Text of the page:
Thursday, February 12, 2009

Waging a dramatic ‘Battle of Manoeuvrability’ in the air, four foreign aircraft competing for the multi-billion dollar Medium Multi-Role Combat Aircraft lent a decisive business edge to the opening Aero India 2009 flight displays at the Yelahanka air base here on Wednesday.
The seventh edition of the biennial aerospace exposition had just begun.
Designed to impress Defence Minister A K Antony and other key defence officials watching the show, the twists, rolls and breathtaking loops by the F-18 Super Hornet, the F-16, the Russian MiG-35 and Eurofighter Typhoon almost overshadowed the spectacular aerobatics by the Suryakiran and Sarang teams. Clinical business sense laced with entertainment couldn’t have been more potent.
Taking off with a deafening roar, the Eurofighter did an upside-down flypast, returned for a low-speed pass before treating the gathering to a neat vertical climb.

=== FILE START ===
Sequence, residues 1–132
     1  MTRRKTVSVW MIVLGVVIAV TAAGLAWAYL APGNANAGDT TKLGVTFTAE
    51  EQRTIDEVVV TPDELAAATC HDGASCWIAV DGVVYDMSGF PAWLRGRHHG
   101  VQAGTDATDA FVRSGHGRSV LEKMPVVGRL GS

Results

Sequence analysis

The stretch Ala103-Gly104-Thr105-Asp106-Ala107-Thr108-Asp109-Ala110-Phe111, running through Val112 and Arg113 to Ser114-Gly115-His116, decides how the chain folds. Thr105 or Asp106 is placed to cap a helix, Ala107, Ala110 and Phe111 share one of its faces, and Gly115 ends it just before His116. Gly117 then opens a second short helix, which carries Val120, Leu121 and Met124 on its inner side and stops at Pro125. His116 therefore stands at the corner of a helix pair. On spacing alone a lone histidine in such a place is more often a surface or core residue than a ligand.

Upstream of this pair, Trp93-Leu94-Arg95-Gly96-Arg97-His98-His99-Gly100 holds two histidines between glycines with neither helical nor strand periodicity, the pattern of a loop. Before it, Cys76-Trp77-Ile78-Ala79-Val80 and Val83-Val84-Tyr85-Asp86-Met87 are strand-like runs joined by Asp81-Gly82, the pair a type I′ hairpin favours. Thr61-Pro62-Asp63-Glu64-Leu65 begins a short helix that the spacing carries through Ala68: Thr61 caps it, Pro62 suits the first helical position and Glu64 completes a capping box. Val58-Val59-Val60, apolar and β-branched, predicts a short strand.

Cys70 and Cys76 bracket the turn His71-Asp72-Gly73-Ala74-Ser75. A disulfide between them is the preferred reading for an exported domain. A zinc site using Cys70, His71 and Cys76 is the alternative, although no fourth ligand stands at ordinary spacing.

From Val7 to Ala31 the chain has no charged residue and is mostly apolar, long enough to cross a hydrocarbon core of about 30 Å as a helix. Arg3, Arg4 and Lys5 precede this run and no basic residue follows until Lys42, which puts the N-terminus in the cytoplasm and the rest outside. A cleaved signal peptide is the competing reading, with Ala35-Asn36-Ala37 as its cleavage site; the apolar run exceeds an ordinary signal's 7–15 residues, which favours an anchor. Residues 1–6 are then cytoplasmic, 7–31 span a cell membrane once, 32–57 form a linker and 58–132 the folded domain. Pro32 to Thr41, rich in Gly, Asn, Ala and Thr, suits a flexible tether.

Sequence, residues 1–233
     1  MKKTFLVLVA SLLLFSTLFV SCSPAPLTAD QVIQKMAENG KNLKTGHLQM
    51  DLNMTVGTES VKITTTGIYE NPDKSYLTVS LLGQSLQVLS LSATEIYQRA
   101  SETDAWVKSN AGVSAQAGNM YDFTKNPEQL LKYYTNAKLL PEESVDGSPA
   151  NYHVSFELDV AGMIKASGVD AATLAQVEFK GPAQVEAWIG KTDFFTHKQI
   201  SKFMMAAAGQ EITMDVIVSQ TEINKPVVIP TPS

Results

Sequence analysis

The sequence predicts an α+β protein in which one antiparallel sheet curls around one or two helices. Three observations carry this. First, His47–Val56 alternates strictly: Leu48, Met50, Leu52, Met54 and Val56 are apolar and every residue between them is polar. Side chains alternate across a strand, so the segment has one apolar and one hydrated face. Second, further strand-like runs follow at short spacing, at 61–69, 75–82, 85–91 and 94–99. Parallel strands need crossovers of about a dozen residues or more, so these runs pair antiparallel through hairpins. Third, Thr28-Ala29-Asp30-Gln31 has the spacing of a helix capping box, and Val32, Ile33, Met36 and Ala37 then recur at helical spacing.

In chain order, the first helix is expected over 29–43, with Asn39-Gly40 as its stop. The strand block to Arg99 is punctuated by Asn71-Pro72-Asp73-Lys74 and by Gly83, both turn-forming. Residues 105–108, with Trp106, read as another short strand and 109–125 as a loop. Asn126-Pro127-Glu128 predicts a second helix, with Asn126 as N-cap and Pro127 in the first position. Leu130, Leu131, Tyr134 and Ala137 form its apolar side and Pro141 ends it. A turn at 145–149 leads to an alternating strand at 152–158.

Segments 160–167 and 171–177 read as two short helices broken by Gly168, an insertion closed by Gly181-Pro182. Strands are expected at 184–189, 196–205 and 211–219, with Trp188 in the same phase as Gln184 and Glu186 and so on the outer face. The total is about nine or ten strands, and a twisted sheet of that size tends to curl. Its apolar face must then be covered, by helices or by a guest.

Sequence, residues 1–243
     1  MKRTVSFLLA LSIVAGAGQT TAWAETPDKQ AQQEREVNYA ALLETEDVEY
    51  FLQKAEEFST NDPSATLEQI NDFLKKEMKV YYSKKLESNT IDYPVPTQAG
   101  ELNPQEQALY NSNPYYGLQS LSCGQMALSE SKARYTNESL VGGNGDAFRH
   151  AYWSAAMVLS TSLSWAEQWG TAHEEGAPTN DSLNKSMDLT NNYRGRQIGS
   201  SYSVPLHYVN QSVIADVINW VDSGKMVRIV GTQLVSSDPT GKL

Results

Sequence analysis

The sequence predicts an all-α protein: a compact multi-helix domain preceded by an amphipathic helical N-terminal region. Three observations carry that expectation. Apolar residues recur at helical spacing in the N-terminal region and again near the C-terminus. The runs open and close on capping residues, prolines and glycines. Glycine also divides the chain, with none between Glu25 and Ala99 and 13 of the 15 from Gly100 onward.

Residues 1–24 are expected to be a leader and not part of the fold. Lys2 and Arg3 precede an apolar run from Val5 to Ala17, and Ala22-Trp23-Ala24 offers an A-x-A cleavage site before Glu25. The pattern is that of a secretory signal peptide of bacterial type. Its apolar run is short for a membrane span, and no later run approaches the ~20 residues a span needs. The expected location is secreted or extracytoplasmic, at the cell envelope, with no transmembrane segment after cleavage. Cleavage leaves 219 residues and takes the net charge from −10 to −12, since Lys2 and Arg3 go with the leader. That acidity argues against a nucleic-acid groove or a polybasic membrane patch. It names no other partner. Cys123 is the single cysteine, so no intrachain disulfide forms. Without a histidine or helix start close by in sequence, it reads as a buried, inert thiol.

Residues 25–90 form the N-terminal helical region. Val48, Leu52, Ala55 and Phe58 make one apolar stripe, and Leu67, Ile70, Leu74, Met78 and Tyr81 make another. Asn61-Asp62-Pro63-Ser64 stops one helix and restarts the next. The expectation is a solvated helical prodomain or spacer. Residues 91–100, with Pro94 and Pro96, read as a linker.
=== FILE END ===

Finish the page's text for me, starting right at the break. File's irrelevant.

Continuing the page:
But before the motley crowd of VVIPs and defence officials, media and invitees, could take another breath, the F-18 Super Hornet invaded the sky. In the next few fleeting minutes, the American fighter flew past for an abrupt push upwards at a 1.8 Mk speed.
And then came the MiG-35. With its astounding split-air manoeuvre and 360 degree Hi-G turns, the two-seater was definitely built for some smart moves. The barrel roll and inverted flight with a half roll that followed, and the characteristic Cobra manoeuvre only boosted the MiG-35’s image. Lockheed Martin’s F-16 had something else up its sleeve, performing a nine-G turn at high speed.
Earlier, the IL-78 re-fuelling aircraft made a mark with fuel dispensers attached to two Mirage 2000s in tandem. This flypast was followed by a five-Hawk formation, a five-Jaguar arrow-head formation, and four light combat aircraft in close formation.
12/02/09 Rasheed Kappan/Deccan Herald

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